Tom Tapman – Caterpillar Club

Tom TapmanI was shot down on 7 April 1968 at the top of Mu Ghia Pass while flying Misty in an F-100F. Misty was a special Forward Air Control mission that flew out of the 416th TFS at Phu Cat AB, SVN, and operated in Route Pack 1 and along the Ho Chi Minh trail. Misty was formed in 1967 and was attached to the 416th TFS for aircraft and personal equipment support.

I was the Chief of Current Operations in the 37th TFW and assigned to the 416th TFS for flying support; however, I tried to fly with all units. When I flew with Misty, I usually flew on the first mission on Sunday mornings. On this day I was scheduled for first takeoff with Captain Eben Jones in the front seat and we were to arrive at Mu Ghia Pass at first light. That was the best time to catch trucks moving on the Ho Chi Minh trail. Eben was the first F-100 pilot to get 100 missions in NVN, and we were shot down on his 100th mission! Eben went on to fly 101 missions before he was cut off.

We had stopped some trucks at the top of Mu Ghia Pass and we put fighters on the targets, but the wind was so high that the F-4s could not hit them. Eben decided to strafe the trucks and on our 5th pass we took a hit that really rocked us. I took the aircraft from Eben and engaged the afterburner. We had been operating below 5,000 feet and had our zero lanyards hooked. I was having all kinds of trouble flying the aircraft because I could not jettison anything, the right main gear was unlocked and showing down and we had a Fire Light but the EGT was normal for afterburner operation. As we were climbing west, another Misty, Carroll Williams, saw us and started calling, “Tom get out, you look like a Roman candle.” I told him I could feel and see the heat but I did not want to jump out close to those guys we had tried to kill.

As we approached 20,000 ft., the controls locked and I told Eben I was going to bailout first, and then I pulled the handles and squeezed the triggers. Everything worked perfectly. I forgot to disconnect my zero lanyard and the chute open immediately. We were doing about 320 IAS at about 20,000 ft. and I have never been hit so hard. The opening knocked me out and when I came to, there were F-105s circling me. I eventually entered the trees that were about 70 or 80 feet tall. I went crashing through them and when I stopped, my feet were about 2 inches about the ground. I looked up, thanked God and figured I had better get the hell out of there. I carried 2 radios and one radio only had a transmitter that operated and the other radio only had a receiver that worked. I called Carroll Williams and told him to send some help, and it turned out that he had already given Rescue my approximate position.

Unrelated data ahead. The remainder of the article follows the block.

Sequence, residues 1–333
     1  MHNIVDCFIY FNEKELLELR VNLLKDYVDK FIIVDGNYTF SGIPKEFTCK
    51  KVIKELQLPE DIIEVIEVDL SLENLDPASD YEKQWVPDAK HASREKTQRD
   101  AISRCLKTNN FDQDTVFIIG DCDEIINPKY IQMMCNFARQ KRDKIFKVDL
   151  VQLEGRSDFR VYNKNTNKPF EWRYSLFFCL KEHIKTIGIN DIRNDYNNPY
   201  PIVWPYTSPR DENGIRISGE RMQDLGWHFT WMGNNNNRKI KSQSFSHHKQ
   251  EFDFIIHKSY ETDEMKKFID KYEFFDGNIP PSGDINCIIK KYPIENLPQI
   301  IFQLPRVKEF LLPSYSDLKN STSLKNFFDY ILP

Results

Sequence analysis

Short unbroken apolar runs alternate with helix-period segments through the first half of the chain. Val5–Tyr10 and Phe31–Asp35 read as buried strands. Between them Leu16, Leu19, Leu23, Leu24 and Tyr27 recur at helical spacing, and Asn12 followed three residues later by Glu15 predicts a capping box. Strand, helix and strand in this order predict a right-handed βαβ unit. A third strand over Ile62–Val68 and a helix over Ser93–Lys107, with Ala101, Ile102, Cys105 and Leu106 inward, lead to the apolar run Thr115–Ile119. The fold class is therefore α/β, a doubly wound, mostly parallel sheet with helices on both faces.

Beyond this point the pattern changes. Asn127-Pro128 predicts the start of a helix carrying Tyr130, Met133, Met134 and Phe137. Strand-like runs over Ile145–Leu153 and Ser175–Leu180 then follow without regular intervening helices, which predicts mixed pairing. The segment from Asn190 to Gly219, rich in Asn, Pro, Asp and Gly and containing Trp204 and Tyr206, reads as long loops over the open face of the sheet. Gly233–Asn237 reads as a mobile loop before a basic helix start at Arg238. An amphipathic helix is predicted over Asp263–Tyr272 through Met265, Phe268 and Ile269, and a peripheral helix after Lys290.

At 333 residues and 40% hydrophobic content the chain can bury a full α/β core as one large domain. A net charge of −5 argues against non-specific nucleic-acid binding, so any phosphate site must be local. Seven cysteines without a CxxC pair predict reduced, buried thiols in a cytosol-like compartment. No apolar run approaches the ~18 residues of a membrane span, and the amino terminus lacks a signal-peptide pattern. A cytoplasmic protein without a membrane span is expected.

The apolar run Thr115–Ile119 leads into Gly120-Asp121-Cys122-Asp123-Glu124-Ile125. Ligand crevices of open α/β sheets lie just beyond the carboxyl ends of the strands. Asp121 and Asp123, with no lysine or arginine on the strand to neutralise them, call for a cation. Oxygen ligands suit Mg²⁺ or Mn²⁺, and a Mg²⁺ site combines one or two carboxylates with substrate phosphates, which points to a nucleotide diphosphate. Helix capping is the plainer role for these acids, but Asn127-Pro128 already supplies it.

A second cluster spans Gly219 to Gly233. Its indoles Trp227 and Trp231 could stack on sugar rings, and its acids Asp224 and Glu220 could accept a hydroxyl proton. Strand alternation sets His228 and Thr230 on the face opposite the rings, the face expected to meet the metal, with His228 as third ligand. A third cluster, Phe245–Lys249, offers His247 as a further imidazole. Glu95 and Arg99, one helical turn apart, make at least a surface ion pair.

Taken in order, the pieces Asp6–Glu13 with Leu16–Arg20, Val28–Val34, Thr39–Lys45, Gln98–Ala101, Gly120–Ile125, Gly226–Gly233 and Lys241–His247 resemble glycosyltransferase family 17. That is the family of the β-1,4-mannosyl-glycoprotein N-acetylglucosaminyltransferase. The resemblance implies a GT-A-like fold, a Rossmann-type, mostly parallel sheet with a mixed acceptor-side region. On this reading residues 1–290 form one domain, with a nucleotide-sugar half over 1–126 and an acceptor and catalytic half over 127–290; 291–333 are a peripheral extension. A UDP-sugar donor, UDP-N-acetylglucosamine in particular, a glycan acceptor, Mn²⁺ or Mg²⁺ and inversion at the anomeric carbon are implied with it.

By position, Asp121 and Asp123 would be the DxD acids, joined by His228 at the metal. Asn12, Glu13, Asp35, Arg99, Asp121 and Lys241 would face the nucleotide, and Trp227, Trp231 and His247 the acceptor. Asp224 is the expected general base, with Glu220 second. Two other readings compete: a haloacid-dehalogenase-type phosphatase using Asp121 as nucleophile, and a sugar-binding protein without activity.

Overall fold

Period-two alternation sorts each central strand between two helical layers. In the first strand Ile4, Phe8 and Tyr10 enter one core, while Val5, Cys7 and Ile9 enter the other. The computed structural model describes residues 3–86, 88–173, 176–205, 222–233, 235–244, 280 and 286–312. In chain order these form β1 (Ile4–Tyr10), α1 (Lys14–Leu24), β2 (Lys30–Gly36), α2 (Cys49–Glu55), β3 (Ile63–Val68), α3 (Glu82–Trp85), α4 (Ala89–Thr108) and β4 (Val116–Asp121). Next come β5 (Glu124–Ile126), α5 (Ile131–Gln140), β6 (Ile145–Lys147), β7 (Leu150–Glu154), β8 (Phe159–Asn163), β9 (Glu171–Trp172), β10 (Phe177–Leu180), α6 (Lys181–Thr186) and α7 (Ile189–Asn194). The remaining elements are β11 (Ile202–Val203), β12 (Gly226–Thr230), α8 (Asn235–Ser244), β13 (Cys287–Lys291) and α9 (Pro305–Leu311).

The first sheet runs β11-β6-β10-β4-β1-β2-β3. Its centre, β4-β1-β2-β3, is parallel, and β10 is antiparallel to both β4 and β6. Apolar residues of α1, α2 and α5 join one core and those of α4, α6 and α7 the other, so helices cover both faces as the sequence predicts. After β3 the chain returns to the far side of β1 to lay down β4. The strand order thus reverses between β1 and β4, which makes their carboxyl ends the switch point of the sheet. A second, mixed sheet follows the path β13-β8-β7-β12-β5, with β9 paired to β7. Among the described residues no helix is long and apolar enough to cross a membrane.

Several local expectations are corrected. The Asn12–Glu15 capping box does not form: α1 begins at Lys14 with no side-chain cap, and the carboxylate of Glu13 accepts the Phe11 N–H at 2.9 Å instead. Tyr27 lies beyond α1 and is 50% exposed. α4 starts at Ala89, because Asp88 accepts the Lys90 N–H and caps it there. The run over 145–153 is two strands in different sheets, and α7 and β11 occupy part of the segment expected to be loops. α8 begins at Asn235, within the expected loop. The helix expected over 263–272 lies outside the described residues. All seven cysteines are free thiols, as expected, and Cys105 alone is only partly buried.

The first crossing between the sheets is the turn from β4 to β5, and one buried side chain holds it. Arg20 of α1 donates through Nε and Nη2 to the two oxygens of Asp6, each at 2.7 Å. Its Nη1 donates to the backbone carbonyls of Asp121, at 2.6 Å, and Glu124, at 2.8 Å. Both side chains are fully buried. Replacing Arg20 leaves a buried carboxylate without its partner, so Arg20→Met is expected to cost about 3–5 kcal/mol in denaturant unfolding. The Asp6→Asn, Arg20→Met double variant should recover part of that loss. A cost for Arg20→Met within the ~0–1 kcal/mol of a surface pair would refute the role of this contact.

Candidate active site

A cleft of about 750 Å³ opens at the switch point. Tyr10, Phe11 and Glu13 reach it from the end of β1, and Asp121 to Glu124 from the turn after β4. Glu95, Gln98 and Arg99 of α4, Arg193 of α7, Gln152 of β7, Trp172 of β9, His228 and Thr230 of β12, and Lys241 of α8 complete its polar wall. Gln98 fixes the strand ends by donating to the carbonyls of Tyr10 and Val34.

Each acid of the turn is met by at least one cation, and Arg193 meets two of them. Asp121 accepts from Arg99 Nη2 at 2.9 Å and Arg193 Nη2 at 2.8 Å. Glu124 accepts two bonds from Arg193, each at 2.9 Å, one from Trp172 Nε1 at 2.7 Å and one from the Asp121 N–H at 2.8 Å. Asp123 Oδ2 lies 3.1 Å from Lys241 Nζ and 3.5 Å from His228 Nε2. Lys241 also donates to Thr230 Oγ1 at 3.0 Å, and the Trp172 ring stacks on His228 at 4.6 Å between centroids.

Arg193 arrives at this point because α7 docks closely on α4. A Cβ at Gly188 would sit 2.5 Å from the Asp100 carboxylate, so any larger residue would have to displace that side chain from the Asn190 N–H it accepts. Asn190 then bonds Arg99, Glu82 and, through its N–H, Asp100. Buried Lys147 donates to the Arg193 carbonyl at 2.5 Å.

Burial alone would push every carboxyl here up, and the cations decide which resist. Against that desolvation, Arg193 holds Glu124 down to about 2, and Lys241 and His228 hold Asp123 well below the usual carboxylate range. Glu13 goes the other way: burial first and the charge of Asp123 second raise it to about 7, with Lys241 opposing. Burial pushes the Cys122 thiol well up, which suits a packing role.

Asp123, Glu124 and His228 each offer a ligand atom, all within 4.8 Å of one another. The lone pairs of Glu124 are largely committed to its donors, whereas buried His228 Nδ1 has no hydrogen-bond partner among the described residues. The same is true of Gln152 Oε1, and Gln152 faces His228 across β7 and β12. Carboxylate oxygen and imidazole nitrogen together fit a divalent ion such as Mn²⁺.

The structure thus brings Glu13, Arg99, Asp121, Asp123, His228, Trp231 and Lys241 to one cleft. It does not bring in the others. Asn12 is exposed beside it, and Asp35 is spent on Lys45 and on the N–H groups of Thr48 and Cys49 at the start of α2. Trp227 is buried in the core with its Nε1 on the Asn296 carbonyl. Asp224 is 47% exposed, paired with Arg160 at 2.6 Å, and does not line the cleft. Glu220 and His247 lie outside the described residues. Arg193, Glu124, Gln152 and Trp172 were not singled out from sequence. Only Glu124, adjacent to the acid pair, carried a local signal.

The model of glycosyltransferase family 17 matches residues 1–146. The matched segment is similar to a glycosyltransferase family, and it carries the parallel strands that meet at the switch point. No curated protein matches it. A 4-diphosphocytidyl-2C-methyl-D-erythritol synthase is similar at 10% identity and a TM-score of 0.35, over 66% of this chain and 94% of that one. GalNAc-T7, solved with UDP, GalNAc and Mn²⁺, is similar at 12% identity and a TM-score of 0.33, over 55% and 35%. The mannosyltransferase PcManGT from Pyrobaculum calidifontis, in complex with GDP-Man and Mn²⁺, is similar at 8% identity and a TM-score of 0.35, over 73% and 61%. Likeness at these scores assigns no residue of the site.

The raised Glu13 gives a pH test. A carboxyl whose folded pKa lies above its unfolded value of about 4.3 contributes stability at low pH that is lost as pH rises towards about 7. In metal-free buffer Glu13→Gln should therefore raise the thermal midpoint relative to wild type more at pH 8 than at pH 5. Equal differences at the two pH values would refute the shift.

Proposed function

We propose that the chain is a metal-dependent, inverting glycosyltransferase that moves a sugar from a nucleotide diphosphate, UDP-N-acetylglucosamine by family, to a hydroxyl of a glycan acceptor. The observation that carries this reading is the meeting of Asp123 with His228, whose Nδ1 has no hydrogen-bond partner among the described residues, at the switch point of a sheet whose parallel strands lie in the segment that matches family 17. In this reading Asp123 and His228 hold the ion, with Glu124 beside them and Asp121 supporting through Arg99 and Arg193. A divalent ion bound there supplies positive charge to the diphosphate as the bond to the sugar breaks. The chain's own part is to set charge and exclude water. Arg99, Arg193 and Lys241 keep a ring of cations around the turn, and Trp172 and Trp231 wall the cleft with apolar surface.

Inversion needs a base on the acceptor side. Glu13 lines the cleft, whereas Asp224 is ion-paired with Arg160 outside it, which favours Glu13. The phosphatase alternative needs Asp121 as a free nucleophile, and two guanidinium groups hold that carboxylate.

Soon I could hear voices in the woods and coming in my direction. I laid down in a grassy slope and pulled out my .38 pistol. One soldier came around a tree and I shot him. Another came around to help him and I shot him. I them ran for about 30 minutes in the opposite direction and stopped to use my radios. The Jolly Green CH-53 was in the area and he asked me to fire a flare.

The forest canopy was very thick; however, I found a hole about 4 foot wide and fired a pen gun flare that went right through the opening and I heard the Jolly Green pilot say we have your flare and he immediately came over to my spot and hovered. The A-1Es began to strafe on both sides of me. The Jolly dropped a penetrator down and I jumped on it. As soon as I cleared the trees, the chopper started moving out of the area. I soon was in the chopper and learned they had already picked up Eben Jones and he was in good condition.

They took us to NKP and put us in the hospital for a checkup and then flew us to Phu Cat in a T-39. When we got to Phu Cat, everyone was waiting for us and we went to the O’ Club for refreshments.

I had a separated left shoulder, torn ligaments in my right knee, and my left testicle was badly bruised. I still have a broken bone in my left shoulder that restricts movement, but does not hurt much. My left testicle is still giving me trouble.

~ Tom Tapman